“Cut the shit, Kal. I heard you’ve been making a deal with the Kur Dak behind my back. Is that true? I thought we signed a truce.”
“The terms of our agreement are, and I quote, ‘Neither party will engage in business transactions or mergers that infringe upon the core business of the other party.’ But this deal doesn’t have to do with investment banking, stocks, or commodities. It’s for a …different type of product,” Kalinda said.
“Oh, yeah? What is it? Weapons? Winter wheat? Woolly mammoths?”
“How’d you guess?” she said drily.
“I swear, if you’ve violated our agreement, I’ll file suit, and once your new client gets wind of that news, I wonder how long they’ll stick around.”
“Your desperation is showing, cousin. And I must say, it’s quite unbecoming,” Kalinda said.
“Damnit, Kal, is it true or not?”
She paused, considering what to tell him. “Remember, oh, about six months ago, you lent money to the Global Bank of The Tennance and wouldn’t tell me what it was for?”
An audible sigh sounded overhead. “Fine. It was for repairs to the Nyekundu Gate.”
“Ah…don’t tell me…the Perimeter Worlds want to keep it hush-hush that they’re being attacked by the Green Federation.”
“Bad for business,” Zuberi said. “They officially said the gate was down for maintenance. But there are rumors to the contrary, which I’m actively trying to suppress. So…what’s your story?”
“The Kur Dak want to dip their toe into Cassad investments, but are ignorant of the ways of humans. I’m just a teacher of human customs…and investment strategy.”
Zuberi let out a long, low whistle. “Mbutu said they were getting money from somewhere and were looking for somewhere to put it. I was wondering when they’d come sniffing around. I don’t know about you, Kal, but I’m starting to think these events are not unrelated. Kur Dak new-found money, gate sabotage by the Federation. I wouldn’t be surprised if the Brythons were behind it.”
“You always suspect the Brythons. Of everything. It’s getting tiresome.”
“There’ve been rumors, Kent and his father, Percival, are up to something more than usual Brython ambition. I think it has to do with what we’re talking about, especially the attacks on the gates.”
Kalinda paused. She didn’t pay much attention to gate shutdowns since she rarely traveled to other planets. Most of them were backwater wilderness on which families had carved out some small oasis of civilization. And the Clusters were noisy with the constant din of construction.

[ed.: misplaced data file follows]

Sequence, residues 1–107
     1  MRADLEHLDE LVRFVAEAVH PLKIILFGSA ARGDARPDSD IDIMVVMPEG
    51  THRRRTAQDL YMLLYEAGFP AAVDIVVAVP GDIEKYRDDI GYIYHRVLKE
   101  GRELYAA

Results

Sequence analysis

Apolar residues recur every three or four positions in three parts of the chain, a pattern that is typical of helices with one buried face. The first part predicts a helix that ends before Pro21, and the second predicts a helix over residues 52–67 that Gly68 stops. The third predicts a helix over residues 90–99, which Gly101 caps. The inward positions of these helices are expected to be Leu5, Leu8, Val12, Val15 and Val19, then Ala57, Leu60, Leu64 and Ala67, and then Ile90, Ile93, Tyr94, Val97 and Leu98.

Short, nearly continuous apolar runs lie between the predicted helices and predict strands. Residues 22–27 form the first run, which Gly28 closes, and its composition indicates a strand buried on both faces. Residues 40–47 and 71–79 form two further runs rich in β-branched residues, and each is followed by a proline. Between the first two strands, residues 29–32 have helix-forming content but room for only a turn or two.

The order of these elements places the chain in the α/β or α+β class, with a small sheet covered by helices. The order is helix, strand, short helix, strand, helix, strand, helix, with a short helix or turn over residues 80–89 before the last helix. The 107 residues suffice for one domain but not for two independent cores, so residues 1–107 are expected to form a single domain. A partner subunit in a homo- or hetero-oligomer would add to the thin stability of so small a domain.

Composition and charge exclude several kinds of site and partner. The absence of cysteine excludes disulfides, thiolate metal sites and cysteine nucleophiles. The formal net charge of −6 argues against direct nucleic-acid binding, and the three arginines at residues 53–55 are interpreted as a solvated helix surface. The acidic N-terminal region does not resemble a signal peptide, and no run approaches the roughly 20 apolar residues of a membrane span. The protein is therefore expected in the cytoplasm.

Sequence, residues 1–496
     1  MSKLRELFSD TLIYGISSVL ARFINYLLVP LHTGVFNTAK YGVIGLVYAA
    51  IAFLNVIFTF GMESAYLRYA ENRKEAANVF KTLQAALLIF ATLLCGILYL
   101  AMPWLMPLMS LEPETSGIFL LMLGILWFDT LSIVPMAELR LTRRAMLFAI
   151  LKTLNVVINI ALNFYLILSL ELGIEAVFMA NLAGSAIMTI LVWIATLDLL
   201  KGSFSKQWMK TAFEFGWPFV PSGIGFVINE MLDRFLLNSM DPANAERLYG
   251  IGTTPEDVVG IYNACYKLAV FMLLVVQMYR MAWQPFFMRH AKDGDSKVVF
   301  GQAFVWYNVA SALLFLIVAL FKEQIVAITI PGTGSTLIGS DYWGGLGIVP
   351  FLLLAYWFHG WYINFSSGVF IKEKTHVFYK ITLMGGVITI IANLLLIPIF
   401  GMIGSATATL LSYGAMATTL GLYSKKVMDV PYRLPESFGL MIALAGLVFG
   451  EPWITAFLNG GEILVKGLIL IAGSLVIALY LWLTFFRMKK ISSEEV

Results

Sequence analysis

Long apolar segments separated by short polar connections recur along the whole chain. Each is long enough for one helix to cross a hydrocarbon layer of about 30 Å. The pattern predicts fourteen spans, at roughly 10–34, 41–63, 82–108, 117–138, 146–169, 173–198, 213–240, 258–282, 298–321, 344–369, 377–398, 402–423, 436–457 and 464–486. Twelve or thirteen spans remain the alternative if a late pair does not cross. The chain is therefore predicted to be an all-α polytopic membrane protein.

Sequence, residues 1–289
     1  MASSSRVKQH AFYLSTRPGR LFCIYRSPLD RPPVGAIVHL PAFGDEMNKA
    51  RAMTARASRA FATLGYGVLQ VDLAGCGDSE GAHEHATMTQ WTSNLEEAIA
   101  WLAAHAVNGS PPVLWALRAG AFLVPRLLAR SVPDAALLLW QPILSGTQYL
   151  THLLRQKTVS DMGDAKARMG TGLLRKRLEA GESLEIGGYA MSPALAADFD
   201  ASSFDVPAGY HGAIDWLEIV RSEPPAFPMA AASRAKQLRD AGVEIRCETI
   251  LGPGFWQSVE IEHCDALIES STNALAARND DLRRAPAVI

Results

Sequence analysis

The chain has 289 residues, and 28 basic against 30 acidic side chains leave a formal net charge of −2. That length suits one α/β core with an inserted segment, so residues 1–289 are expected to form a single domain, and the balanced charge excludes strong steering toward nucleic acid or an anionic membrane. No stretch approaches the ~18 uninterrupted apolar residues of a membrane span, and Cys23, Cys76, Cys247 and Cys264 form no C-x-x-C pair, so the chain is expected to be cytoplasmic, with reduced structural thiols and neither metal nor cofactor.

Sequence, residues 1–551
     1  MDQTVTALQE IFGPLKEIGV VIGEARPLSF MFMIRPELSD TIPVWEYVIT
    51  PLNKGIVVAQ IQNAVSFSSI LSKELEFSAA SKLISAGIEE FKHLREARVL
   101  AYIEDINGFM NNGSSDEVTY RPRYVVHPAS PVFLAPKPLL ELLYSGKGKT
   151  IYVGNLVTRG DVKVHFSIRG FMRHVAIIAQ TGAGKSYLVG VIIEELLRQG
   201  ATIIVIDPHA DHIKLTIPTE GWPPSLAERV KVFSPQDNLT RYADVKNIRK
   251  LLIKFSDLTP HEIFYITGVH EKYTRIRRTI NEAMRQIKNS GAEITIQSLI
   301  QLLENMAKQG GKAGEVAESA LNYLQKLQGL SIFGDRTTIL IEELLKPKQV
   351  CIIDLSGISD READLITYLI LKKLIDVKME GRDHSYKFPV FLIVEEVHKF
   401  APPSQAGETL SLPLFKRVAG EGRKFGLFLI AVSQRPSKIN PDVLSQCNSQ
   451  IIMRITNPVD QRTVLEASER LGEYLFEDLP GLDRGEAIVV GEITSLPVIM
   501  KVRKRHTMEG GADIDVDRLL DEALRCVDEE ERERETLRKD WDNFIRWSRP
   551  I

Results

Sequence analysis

“For once in your life, you may have a valid opinion,” she said.
by K. Ceres Wright
Henry angled up the steps, opened the corrugated neon-green metal door, and stepped inside. Music wafted out of the lean-to juke joint, a zydeco-country fusion remix escaping the sweaty desperation of the place. A bank of multicolored lights ran the length of the building, throwing disks of red, purple, and green on the gyrating patrons.
Jose sat in his usual corner, reading his heads-up display and smoking his pipe. Henry thought the scene anachronistic. He pushed past a group of drunken bridesmaids—evidenced by their tiaras—and took a seat at the bar. He gave the bartender, Leslie, the sign for his regular drink. She nodded in reply. Being deaf was an advantage for a bartender in this joint, he thought. An upswell of noise filled the space behind him and he twisted in his seat. The woman wearing the BRIDE tiara had climbed onto the stage and began dancing with Kyle, who was playing backup guitar to Rita’s country singing and fiddle playing. Octavius rounded out the trio on the old world accordion. The bride ground her pelvis into Kyle’s backside. Rita scowled and motioned for security. A bot flew down from the ceiling and delivered 25,000 volts to the bride. She yowled in pain, which elicited laughter from the crowd. She tore herself away from Kyle and slunk back to her merry band of maids, who cheered her return with a dousing of bottle-sprayed champagne.
“Where’re they from?” Henry said. He had to shout over the music.
Leslie shrugged. “I heard one of them mention New Rho.”